The project of Fassbinder’s retrospectives is important with its integrity in which his work will be presented to the audience – unique is not only extend of the show (40 feature films divided into two years of the SFS), but also the number of Fassbinder’s film that have not been presented so far. The audience of the Summer Film School will (during the two years) get the chance to discover the complete work of this distinct German film maker, context of the films will be extended by the attendance of Fassbinder’s co-workers as well as by the associated events.

Inventory: Film Reading-book - Film Noir

We will focus on the tradition of film noir in this year’s regular section Film Reading-book (from the Inventory cycle) which is supposed to fill in attendances’ knowledge of the history of world cinematography. This genre, typical of America, will be presented by a representative selection which covers the period from the thirties to nowadays. The objective is to present film noir in its integrity. That means this will be the first such a big exhibition of the genre in the Czech Republic; it was started by presenting a mini collection of films in this year’s Project 100 (The Big Sleep, I Hired a Contract Killer and The Man from London).


Visegrad Horizon

Program section Visegrad Horizon will present complex program focused on four countries of the area of Central Europe (Czech Republic, Slovakia, Poland and Hungary). The section will also contain retrospectives of historic personalities and contemporary talents from particular cinematographies (Béla Tarr, Ján Kadár, Stanislav Szomolányi, Robert Gliński), profiles of unknown and half-forgotten figures (Ivan Fíla, Mariusz Wilczynski) as well as dramatically prepared thematic cycles (Wild Nineties, Rewriting the Past). Films from the last year of these countries will be presented as well. Inseparable part of Visegrad Horizon is Panorama of fFilm Criticism, which completes context of the cycle by adding opinions of film publicists and theorists from important periodicals of these countries.

Visegrad Legend: Ján Kadár

Together with colleagues from the Association of Slovak Film Clubs and Slovak Film Institute an extensive retrospective of Slovak director Ján Kadár will be presented. Kadár’s retrospective will contain his films shot in Czechoslovakia together with Elmar Klos (Death is Called Engelchen, Shop on Main Street and Desire Called Anada) and a selection of his American films (The Angel Levine, Lies My Father Told Me).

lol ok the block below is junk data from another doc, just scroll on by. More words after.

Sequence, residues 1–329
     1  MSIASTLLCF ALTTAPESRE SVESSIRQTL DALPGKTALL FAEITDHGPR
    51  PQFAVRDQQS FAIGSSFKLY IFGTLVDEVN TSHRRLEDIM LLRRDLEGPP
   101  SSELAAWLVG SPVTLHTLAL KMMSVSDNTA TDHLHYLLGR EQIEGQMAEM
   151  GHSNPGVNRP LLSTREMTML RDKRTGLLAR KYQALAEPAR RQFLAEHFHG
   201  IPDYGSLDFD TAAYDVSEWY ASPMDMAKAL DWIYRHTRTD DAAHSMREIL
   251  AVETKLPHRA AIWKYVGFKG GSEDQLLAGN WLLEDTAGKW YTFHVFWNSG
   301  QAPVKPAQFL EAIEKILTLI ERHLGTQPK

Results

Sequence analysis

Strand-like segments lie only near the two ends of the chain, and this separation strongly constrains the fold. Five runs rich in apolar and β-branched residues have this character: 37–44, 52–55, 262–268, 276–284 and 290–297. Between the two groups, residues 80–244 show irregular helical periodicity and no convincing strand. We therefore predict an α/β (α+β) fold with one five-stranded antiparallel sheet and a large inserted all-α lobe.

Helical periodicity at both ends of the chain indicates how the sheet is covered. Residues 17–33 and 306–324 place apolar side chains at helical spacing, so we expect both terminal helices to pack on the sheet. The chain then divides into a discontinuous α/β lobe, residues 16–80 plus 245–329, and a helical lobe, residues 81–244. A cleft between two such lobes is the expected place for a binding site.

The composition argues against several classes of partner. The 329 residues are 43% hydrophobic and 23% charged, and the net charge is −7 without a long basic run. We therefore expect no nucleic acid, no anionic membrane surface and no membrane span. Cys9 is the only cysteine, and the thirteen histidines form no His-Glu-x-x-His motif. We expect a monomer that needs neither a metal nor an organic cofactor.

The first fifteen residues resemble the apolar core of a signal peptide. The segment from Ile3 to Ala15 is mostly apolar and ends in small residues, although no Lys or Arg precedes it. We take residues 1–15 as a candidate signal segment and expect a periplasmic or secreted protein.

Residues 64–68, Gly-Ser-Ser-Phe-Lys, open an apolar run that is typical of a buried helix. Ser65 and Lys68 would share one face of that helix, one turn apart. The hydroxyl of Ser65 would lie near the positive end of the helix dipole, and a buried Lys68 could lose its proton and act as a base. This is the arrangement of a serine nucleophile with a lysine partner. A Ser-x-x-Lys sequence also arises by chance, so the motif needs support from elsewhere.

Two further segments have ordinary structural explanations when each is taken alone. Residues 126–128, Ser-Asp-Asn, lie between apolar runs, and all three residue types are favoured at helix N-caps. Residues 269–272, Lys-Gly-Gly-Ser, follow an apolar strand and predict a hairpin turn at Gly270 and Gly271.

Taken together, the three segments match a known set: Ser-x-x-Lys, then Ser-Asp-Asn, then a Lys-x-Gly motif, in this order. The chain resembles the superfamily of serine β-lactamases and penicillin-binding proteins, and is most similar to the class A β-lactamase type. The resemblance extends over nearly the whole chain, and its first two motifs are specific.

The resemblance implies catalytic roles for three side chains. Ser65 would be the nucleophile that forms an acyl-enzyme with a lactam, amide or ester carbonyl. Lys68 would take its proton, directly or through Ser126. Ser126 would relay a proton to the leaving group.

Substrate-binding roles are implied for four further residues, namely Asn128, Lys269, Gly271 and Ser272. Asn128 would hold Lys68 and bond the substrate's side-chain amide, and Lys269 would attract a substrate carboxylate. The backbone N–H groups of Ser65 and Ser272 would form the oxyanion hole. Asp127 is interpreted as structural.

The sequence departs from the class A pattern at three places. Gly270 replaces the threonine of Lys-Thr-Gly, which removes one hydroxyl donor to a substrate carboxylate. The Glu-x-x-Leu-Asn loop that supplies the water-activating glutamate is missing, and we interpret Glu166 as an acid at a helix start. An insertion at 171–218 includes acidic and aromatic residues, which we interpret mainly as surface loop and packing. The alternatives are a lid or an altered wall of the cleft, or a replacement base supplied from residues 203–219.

Visegrad Theme: Wild Nineties

Collection of films selected by programmer Jaroslav Sedláček will present a dozen films that represent possible forms of domestic cinematography in the nineties. We will present unique and freak films that came out of the troubled times after the revolution (The Canary Connection, and Don Gio) as well as wrongly forgotten magnificent films from this decade which seems to be near and distant at the same time (Horror Story, The Bed).


Rewriting the Past: Normalization of every day

In this year’s continue of regular cycle Rewriting the Past we want to show various forms of artistic capturing (or purpose-built construction) of everyday life, contemporary facts and social relationships in the time called Normalization. To show the usual days of people in Czechoslovakia in the seventies and eighties. Some of the situations presented in these days can be seen nowadays too, some have radically changed, some have disappeared. Petty crime, problems of pop-music world, violence of sport fans, revolts of the youth, intergeneration relationships, life on the margin of the society. But also mass flat construction, prosperity of cooperative agriculture, attractiveness of apprentice education, Bolshevik manners, socialistic competitions of working class collectives, the lives of conscripts in barracks.

Films with live music

Presenting silent films with live music accompaniment as a compact festival section has slowly but surely become a tradition of the Summer Film School. Neither this year will the audience be deprived of silent era gems that will be presented in very attractive form. Objective of this section is not only to present silent films accompanied by live music as something exotic and unorthodox, we also want to focus on valuable silent films, “renovated” by using contemporary music, which seems to be very workable connection after two years existence of this section. At the same time we have the ambition of presenting not only world-famous films, considered to be classic, we want to discover less famous and half-forgotten films and open them to the audience.

AČFK presents

Association of Czech Film Clubs (AČFK) as the organizer of SFS is irreplaceable on Czech distributional market and that SFS is an especial place for presenting film reprises, premieres and previews of films heading for Czech distribution (with guests). SFS 2010 will offer a complete overview of activities of AČFK as a distributor from the fall of 2009 to the fall 2010. We will present (among others) films A Town Called Panic, Fish Tank, Hadewijch and Me Too as well as distributional acquisition of AČFK for the second half of 2010.